There’s something primal that stirs within us at the thought of being isolated in a remote place. As social creatures, many of us instinctively shy away from situations that separate us from our fellow humans. Others are drawn to solitude, so that they may more clearly hear their inner voice — a voice that’s often drowned out by the modern-day electronic hum that permeates our lives. The latter individuals typically remain secluded only for a short period of time, before having to return to the social tasks their lives demand. However, there are an elite few who have grappled with not only the physical dangers of the remote wilderness, but also with their own inner demons for months at a time without another human soul to lean on for support. Carleigh Fairchild is one such person.
Since the age of 13, her life has been immersed in wilderness survival and survival skills training. After turning 18, she moved to Washington state to learn primitive skills, and tested herself by successfully solo backpacking 500 miles on the Pacific Crest Trail. Having traveled the country honing her skills, she took on one of popular culture’s most difficult survival challenges by becoming a contestant on History Channel’s Alone — not once, but twice.
First, she went to the foothills of the Andes mountains in Patagonia, Argentina, on Season 3. She returned to the show on Season 5, which took place in Mongolia. Today, Carleigh uses her vast experience by teaching others how to reconnect with their surroundings and themselves, much like our not-so-distant ancestors did on a daily basis. We were able to attend a wild edibles class she was teaching at the Georgia Bushcraft Campground near Watkinsville, Georgia, and had the opportunity to sit down with her to learn more about her survival experience and what it was like to survive for 86 days in Patagonia, alone.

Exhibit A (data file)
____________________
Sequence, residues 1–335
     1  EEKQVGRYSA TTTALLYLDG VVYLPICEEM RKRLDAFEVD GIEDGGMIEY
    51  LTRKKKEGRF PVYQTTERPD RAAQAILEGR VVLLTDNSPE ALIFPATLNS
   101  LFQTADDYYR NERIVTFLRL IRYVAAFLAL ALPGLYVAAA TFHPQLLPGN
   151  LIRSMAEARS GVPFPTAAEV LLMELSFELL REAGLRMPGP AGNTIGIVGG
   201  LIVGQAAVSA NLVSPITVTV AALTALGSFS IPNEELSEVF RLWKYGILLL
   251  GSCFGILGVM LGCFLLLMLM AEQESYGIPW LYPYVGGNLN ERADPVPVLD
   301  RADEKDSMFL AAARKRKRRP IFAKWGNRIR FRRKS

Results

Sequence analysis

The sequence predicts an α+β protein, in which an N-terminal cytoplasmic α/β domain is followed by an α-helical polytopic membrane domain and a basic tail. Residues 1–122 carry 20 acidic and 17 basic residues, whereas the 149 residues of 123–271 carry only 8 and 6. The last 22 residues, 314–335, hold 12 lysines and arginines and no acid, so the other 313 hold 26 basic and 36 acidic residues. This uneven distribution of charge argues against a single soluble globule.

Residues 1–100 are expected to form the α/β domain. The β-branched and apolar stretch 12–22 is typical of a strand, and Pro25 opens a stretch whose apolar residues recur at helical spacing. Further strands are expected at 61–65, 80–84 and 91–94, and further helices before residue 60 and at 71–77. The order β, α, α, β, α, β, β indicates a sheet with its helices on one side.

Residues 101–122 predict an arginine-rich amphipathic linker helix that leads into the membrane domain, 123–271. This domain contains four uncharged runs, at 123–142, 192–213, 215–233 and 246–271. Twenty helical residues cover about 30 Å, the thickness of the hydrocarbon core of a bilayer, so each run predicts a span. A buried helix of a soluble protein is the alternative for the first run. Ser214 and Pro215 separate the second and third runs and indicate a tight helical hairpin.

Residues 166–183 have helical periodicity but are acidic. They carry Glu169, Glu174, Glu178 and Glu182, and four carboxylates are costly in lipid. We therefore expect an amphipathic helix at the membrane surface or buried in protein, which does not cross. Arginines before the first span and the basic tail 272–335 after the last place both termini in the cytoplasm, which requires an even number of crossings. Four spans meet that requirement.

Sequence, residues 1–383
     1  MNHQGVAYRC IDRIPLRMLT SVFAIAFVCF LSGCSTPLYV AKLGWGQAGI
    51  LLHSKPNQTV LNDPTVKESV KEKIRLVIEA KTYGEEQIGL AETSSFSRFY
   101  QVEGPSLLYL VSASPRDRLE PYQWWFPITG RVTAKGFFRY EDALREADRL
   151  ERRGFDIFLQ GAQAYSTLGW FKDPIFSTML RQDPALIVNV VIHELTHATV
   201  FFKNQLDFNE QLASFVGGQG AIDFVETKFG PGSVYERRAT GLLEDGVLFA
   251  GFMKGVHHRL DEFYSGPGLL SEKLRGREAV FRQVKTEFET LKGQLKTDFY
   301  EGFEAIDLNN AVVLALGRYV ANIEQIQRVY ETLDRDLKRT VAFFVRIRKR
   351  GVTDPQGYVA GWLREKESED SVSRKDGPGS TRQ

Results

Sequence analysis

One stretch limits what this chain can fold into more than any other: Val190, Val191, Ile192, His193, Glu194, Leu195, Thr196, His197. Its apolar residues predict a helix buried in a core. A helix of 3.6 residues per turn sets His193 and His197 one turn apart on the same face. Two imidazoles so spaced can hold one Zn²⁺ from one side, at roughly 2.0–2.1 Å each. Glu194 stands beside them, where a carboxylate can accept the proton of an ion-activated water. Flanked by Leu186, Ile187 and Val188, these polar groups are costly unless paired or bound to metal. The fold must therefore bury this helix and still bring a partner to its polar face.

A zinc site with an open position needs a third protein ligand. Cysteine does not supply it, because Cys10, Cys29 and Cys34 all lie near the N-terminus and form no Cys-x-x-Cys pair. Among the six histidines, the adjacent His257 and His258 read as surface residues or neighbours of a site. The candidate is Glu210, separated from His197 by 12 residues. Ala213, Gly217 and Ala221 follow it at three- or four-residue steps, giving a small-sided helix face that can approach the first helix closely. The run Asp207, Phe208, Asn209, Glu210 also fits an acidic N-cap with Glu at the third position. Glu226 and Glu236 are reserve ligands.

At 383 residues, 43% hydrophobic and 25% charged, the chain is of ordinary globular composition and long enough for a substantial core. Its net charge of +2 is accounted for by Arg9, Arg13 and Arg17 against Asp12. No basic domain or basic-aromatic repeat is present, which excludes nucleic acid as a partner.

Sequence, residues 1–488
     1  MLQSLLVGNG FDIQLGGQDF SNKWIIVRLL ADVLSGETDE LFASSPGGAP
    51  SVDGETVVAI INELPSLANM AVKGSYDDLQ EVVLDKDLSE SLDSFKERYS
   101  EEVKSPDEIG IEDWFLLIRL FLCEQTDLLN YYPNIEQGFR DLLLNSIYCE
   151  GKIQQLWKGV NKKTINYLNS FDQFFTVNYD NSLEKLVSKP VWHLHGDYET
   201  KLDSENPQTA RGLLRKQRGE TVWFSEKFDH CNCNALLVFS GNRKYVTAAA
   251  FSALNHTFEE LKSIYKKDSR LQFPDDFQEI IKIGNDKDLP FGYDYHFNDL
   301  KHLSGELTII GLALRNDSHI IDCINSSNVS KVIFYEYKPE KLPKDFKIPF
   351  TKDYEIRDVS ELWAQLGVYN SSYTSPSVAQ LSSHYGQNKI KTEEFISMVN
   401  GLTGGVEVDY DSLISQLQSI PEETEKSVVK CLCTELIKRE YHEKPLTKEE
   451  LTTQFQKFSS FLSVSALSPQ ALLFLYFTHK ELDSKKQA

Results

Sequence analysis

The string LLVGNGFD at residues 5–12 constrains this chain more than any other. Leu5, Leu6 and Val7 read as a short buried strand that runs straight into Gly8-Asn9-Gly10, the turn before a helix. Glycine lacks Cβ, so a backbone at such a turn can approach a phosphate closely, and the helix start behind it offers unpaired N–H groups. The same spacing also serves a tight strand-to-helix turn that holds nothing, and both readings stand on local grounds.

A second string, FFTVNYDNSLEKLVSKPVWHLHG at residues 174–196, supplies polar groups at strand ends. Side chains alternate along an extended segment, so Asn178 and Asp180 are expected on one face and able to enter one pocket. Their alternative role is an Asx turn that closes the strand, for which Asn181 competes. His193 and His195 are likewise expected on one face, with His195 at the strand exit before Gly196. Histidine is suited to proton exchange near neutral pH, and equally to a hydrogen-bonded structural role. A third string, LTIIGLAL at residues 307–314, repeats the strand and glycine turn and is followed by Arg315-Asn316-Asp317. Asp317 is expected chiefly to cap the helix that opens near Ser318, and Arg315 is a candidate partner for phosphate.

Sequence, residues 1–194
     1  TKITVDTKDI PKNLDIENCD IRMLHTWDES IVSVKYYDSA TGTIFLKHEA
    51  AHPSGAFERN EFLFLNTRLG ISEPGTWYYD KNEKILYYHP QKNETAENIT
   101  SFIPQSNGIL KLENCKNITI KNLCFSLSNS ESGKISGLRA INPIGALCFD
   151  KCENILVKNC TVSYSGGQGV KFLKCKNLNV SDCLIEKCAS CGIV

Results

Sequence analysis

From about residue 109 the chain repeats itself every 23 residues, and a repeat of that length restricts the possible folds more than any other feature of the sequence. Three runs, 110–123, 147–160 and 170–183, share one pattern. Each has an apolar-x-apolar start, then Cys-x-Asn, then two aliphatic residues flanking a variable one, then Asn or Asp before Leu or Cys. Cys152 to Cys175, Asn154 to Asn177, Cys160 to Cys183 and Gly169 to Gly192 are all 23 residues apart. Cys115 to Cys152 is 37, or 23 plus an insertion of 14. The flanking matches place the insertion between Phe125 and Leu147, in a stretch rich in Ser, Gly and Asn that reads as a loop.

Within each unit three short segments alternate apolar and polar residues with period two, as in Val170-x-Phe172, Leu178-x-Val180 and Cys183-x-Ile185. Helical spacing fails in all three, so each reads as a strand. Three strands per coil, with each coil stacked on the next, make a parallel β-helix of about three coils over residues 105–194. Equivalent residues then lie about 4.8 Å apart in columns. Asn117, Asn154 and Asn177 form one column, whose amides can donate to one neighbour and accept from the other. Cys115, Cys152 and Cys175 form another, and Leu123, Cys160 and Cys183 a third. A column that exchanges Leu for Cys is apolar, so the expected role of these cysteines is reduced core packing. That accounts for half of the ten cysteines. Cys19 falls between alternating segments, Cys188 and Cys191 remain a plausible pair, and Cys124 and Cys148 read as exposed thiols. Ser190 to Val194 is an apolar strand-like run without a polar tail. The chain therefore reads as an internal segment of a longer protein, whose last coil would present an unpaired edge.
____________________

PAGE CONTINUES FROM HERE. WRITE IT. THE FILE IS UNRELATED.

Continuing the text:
Carleigh Fairchild Interview
RECOIL OFFGRID: You started learning wilderness survival skills as a child, what do you feel drew you to that endeavor?
Carleigh Fairchild: My mom started me on the path of learning survival skills when she went to the Tracker School run by Tom Brown Jr. in New Jersey. They have a wide variety of classes. They start with their Standard Course which covers pretty much all of the basics of survival skills, and then there’s more advanced survival skills and tracking classes.
She came home from that and showed me the bow drill kit she had made. It was my first look at making a fire without matches or a lighter. I was fascinated that you could truly rub two sticks together and make a coal. I wanted to learn more. Luckily, I was able to attend a teen summer camp the next year when I was 13 to learn earth skills. I loved the connection the skills brought to me — connection with the earth, connection with my own abilities, and connection with others also passionate about those…